On May 15, 2014, the Court of Appeal answered a question which has been asked repeatedly since the Second District Court of Appeal published a decision in Campbell v. Ford Motor Co.(2012) 206 Cal.App.4th 15 (“Campbell”), which it later retracted, edited, and republished.
Campbell arose from a claim of “take-home” or “secondary” exposure: the plaintiff claimed she developed a disease from exposure to asbestos that came home on the persons of her father and brother, who worked for a contractor at a Ford facility. Ford was sued on a premises liability theory. The original Campbell decision said premises owners and employers are not liable for take-home exposure because they didn’t owe a duty to the workers’ family members. The Campbell plaintiff petitioned for rehearing, arguing that employer liability was not before the court and the statements regarding employer liability were dicta and should not have been included in the opinion. The Campbell court reissued its decision, editing out the statements about employers’ liability. Since then, there has been disagreement in the lower courts about whether employers can owe a duty to their employee’s family members. Kesner answers the question in the affirmative, finding a duty can exist.
Ford’s successful legal theory in Campbell was that under Rowland v. Christian (1968) 69 Cal.2d 108 (“Rowland”), it did not owe a duty to the injured persons. Rowland is the seminal California case which sets forth criteria to be considered when there is a question as to whether a duty should be imposed under certain circumstances. Under Rowland, courts consider (1) whether the harm was a reasonably foreseeable result of the conduct to which liability may be applied; (2) the certainty that harm actually resulted from the conduct; (3) the closeness of the connection between the conduct and the injury; (4) whether the conduct is morally blameworthy; (5) the policy of preventing future harm; (6) the extent of the burden on the defendant and the consequences to the community of imposing a duty; and (7) the availability, cost and prevalence of insurance for the risk involved. The Campbell court determined theRowland factors weighed against imposing a duty. Thereafter, employers sued in take-home asbestos cases argued that Campbell either included employers or should be extended to employers because the Rowland analysis applicable to premises owners also applied to them.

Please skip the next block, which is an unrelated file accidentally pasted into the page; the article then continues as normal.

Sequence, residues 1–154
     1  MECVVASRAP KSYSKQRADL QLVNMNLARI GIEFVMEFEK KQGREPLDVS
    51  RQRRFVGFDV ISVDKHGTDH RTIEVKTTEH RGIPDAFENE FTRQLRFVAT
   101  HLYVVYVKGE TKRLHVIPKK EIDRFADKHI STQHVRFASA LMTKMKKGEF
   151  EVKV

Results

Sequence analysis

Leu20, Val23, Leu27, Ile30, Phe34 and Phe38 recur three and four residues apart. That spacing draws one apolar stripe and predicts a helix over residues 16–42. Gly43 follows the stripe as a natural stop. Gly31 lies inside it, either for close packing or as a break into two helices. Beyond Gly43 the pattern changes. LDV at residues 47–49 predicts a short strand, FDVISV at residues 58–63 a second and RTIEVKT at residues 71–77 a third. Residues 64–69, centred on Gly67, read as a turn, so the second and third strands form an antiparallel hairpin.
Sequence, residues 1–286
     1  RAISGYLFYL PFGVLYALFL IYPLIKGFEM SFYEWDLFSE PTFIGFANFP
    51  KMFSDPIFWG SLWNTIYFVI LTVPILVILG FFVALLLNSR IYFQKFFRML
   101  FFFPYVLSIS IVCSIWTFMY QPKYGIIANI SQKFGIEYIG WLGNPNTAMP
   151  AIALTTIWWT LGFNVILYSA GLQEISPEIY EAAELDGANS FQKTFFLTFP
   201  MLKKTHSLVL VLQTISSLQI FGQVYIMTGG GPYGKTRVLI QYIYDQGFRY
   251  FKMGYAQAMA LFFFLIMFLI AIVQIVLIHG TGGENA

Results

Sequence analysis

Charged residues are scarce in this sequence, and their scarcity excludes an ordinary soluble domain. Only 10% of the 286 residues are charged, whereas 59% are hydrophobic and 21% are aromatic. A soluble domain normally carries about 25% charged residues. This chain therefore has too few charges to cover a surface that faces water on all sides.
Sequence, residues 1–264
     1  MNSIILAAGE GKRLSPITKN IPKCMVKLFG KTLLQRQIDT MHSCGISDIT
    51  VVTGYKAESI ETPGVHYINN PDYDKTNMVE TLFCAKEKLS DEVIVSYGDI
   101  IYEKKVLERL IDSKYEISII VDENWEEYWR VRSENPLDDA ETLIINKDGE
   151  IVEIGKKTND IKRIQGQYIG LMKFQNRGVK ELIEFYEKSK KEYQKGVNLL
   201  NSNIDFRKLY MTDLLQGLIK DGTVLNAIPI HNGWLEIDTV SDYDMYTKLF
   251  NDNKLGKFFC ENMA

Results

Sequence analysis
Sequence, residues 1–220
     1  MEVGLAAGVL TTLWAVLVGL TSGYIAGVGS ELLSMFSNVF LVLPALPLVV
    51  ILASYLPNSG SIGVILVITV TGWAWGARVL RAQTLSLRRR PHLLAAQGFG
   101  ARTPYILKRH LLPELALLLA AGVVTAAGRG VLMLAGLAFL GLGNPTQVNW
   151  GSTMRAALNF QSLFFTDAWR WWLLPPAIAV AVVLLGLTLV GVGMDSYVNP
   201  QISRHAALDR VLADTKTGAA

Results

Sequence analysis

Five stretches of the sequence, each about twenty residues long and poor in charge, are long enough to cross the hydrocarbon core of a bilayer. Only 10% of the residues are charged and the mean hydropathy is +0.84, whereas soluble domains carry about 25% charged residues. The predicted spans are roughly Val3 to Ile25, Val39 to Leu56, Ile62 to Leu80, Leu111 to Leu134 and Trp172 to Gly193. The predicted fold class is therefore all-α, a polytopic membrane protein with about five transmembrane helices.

Kesner was decided by the First District after the trial court granted a nonsuit at the conclusion of the plaintiffs’ presentation of evidence. The Kesner court distinguished the employer situation from the Campbell premises owner situation, finding it reasonably foreseeable that harm to third parties could occur due to a lack of precautions to control friable asbestos that may accumulate on an employee’s work clothing, and that foreseeability was the most important factor in the duty analysis. Uncertainty as to whether the take-home exposure contributed to development of a later disease was found to exist “with respect to many exposure claims, whether direct or secondary,” and did not prevent the Kesner court from finding a duty.
Kesner also found the alleged conduct to be morally blameworthy, but explicitly stated that this finding was based on the assumption – which the court was required to make on a nonsuit, where the court must accept the plaintiff’s allegations as proven if there is any evidence to support them at all – that the defendant knew of the risks relating to take-home exposure and did nothing to avoid those risks. The Kesner court also felt that imposing a duty would advance a policy of preventing harm.
The Kesner court characterized the last two Rowland factors as having been the most important to the Campbell court — the burden to the defendant/consequences to the community, and the availability of insurance – and found these factors had much less applicability to the employer situation than to the property owner situation.
Comment and Evaluation
The idea that it is foreseeable to an employer that a worker’s family member could develop a disease from exposure to asbestos brought home on its worker’s person is the subject of heated debate. A number of courts have stated their opinion that such causation was not foreseeable, particularly at the time of the exposures in most alleged take-home exposure cases: the 1960s and 1970s, when far less was known about the dangers of asbestos and take-home exposure than is known today.
The court stressed the importance of “extensive” contact between the person developing the illness and the person upon whose body the asbestos came home. Proof the defendant knew of the danger and took no steps to prevent the danger from being realized is also important. However, these are all questions of fact, precluding a summary judgment motion.
While Kesner and Campbell are not explicitly contradictory, there are difficulties reconciling these two decisions from two different districts. Until the Supreme Court says otherwise, the rule in California will be that take-home exposure claims may succeed against the worker’s employer but will not prevail against the premises owner.
On June 3, 2014, the Kesner decision was effectively narrowed by the ruling in Haver v. BNSF Railway Co. Haver found an employer had no duty (and therefore no liability) under a premises liability theory, distinguishing Kesner on the basis that Kesner was brought on a product liability theory.